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July 10, 2013

How Organizations Can Help Community Cats

Tips for local animal advocacy groups who want to help stray and feral cats

  • Your organization can help local outdoor cats survive long, cold winters. Port Colborne Feline Initiative

Whether you are a large shelter, a private nonprofit, a municipal agency or a small volunteer rescue, there are ways to help your area’s outdoor cats, whether they are community cats (feral and stray) or cats whose owners allow them outside.

We in the animal welfare community have a duty to these animals. And it is only by caring for and managing community cats that we can make progress in reducing the cat overpopulation problem that has such a great impact the work of anyone concerned with cat welfare.

Find funding to help cats

Often your good work is hampered by a lack of money. Go to Animal Sheltering online for information on groups that offer financial assistance as well as a collection of articles on grant writing and fundraising ideas.

Bring on volunteers to help the cats

There aren't enough hours in the day when it comes to helping community cats. Volunteers can assist you in many ways. The HSUS can teach you how to recruit and retain volunteers.

Learn—and perhaps improve—the laws about cats

The number of organizations devoted to helping community (feral and stray) cats is growing. As a result, some local governments now recognize that a comprehensive strategy to manage cat overpopulation requires them to work with cat advocates.

However, municipalities often have limitations and ways of doing things that advocates from the private sector might not be aware of. Collaborative efforts rely on mutual understanding and respect. Learn how to work with your municipalities and elected officials to make progress for cats.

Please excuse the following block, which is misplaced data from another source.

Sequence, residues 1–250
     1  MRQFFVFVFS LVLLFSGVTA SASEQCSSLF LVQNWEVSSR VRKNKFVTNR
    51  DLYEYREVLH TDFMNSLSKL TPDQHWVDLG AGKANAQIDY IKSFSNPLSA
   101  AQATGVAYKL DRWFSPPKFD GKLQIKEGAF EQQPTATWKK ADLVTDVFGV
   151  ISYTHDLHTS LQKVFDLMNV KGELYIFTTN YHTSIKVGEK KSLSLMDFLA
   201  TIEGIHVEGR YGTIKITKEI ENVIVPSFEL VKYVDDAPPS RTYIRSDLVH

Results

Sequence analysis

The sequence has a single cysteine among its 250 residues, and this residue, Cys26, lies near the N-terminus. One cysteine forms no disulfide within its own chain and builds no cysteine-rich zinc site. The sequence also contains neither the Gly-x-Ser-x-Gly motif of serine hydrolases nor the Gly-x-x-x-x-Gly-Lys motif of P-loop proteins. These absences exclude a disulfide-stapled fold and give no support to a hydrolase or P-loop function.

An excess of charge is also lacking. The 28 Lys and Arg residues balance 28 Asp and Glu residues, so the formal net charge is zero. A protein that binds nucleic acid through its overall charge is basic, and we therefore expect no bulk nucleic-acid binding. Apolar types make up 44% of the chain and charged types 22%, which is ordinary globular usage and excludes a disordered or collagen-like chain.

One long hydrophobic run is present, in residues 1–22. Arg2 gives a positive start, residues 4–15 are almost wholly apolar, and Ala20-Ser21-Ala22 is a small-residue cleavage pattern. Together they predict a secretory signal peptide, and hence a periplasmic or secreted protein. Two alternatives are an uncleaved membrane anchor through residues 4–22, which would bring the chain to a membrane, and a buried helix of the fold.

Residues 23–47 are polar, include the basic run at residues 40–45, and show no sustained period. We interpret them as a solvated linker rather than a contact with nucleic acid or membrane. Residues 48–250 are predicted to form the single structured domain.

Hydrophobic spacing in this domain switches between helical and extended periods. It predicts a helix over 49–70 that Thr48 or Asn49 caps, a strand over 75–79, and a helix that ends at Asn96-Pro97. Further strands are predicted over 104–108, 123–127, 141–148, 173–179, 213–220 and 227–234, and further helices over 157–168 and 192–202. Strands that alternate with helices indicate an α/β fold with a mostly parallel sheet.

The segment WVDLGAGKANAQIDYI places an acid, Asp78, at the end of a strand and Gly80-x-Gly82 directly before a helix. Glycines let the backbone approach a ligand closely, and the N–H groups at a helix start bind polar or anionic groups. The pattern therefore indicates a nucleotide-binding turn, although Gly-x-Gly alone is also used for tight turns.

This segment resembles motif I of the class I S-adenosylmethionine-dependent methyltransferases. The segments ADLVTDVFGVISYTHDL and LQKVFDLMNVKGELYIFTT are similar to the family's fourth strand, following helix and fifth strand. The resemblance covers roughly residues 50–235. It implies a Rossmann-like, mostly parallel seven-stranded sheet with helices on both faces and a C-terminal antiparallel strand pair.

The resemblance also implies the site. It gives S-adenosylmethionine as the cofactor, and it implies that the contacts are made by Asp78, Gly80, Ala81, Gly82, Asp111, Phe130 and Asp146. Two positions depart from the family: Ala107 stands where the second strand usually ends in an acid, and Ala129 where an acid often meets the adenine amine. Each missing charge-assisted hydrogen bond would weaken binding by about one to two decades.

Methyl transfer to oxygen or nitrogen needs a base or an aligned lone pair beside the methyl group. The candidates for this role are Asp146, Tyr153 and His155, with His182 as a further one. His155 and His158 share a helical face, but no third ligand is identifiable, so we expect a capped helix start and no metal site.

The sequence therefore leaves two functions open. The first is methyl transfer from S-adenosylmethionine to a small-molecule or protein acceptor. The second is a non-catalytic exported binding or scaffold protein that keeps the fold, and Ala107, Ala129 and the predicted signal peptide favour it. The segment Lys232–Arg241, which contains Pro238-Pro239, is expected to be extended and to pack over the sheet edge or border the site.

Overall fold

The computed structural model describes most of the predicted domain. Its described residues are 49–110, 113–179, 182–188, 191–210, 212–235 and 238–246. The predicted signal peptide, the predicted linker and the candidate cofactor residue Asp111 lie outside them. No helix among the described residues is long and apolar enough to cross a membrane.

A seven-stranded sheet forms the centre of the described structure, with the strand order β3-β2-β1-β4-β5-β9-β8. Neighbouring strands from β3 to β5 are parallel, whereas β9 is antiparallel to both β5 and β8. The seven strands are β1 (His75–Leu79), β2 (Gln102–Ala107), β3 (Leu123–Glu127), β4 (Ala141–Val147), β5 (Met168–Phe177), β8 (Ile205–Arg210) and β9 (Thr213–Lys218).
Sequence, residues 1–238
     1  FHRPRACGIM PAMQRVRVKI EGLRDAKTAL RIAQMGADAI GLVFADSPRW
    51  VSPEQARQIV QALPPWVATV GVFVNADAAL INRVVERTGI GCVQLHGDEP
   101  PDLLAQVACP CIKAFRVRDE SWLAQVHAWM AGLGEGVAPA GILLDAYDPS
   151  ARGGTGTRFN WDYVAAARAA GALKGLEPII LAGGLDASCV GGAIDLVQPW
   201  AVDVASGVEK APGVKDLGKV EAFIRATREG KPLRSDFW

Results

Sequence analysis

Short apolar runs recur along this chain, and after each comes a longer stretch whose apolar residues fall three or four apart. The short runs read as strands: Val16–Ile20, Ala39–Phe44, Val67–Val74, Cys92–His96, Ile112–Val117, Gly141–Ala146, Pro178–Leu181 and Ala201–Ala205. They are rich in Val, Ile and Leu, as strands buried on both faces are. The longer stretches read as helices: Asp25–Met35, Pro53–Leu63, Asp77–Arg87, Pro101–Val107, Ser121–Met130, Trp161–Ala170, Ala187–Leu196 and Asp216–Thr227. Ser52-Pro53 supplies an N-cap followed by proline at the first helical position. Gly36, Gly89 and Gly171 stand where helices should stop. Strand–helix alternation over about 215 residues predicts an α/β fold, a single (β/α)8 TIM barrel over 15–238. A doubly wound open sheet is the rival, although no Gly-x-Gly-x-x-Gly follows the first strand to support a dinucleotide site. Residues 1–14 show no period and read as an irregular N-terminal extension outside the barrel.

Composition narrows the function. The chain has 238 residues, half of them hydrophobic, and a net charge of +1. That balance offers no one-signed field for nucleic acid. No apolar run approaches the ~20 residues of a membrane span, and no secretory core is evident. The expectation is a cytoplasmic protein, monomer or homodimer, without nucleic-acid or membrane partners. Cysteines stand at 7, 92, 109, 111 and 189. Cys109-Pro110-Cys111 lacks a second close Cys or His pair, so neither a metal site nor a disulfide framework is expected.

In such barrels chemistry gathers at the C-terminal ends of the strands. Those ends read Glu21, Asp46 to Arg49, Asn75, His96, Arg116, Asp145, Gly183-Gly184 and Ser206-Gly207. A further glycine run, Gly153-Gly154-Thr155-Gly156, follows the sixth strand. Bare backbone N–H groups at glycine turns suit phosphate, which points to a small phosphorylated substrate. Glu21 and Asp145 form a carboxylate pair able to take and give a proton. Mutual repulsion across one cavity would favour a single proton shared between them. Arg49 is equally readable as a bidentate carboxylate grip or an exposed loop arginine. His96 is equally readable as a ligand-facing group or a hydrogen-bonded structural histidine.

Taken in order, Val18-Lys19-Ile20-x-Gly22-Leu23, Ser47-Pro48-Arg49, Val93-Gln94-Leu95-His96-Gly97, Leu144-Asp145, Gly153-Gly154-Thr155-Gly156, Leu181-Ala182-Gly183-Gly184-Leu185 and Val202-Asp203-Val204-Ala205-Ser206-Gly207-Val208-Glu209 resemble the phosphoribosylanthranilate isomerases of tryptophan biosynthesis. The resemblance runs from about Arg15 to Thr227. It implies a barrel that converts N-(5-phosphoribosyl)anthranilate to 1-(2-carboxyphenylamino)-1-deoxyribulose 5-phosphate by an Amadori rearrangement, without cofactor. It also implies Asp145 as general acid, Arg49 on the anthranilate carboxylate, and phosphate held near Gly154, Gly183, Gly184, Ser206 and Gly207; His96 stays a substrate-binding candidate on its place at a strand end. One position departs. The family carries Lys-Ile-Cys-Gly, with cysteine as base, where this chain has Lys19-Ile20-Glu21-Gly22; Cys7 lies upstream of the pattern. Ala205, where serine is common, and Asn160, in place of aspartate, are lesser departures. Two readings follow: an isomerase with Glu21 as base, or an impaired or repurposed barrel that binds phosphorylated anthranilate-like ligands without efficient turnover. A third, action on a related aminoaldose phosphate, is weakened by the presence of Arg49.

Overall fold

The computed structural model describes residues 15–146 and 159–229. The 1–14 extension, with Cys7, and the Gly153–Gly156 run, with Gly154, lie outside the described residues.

If the laws in your municipality don’t facilitate helping cats, work with your local officials to improve the laws. For help with ordinances and law changes, please email us at cats@humanesociety.org.

If you're ready to do some research on your own, start here:

Educate the community about cat care

Reach out to cat owners. An important source of community cats is the population of unsterilized owned cats who are allowed outside. You can help reduce the number of cats who roam outdoors by providing educational material to adopters and community members, about the benefits of keeping their cats indoors, and the importance of spaying and neutering and the need to put collars and visible ID on their cats. (Read more about the care essentials for owned cats.)

Spread the word about Trap-Neuter-Return to cat caretakers. People with big hearts often provide food to community cats. Unfortunately, they may not realize the importance of spaying and neutering. They may not even know that there's anyone who can help them. You can tell them about TNR and help them find organizations that can assist them.

The HSUS has information in English [PDF] and Spanish [PDF] that you can distribute to the media and at events, libraries, veterinary clinics, feed stores, pet supply stores etc. If you want to grab people’s attention, our "i am not a crazy cat lady" flyer [PDF] is sure to be noticed.

If you find that you’re preaching to the choir and having difficulty reaching those who haven’t already been clued in about the issue, The HSUS can help you change your tactics. Our Pets for Life program is focused on spreading the humane message to underserved communities. Our Pets for Life Toolkit will show you how to become a great force for change in your community!

Build a library of outdoor cat resources

Need to dig deeper and widen your scope? Try these resources:

If you need more resources, contact us at cats@humanesociety.org.

Get in touch with The HSUS

We want to promote your good work and connect you with other people in your area who care about outdoor cats. If you're not on our list of organizations and agencies that help community cats, let us know at cats@humanesociety.org.

More resources for helping outdoor cats

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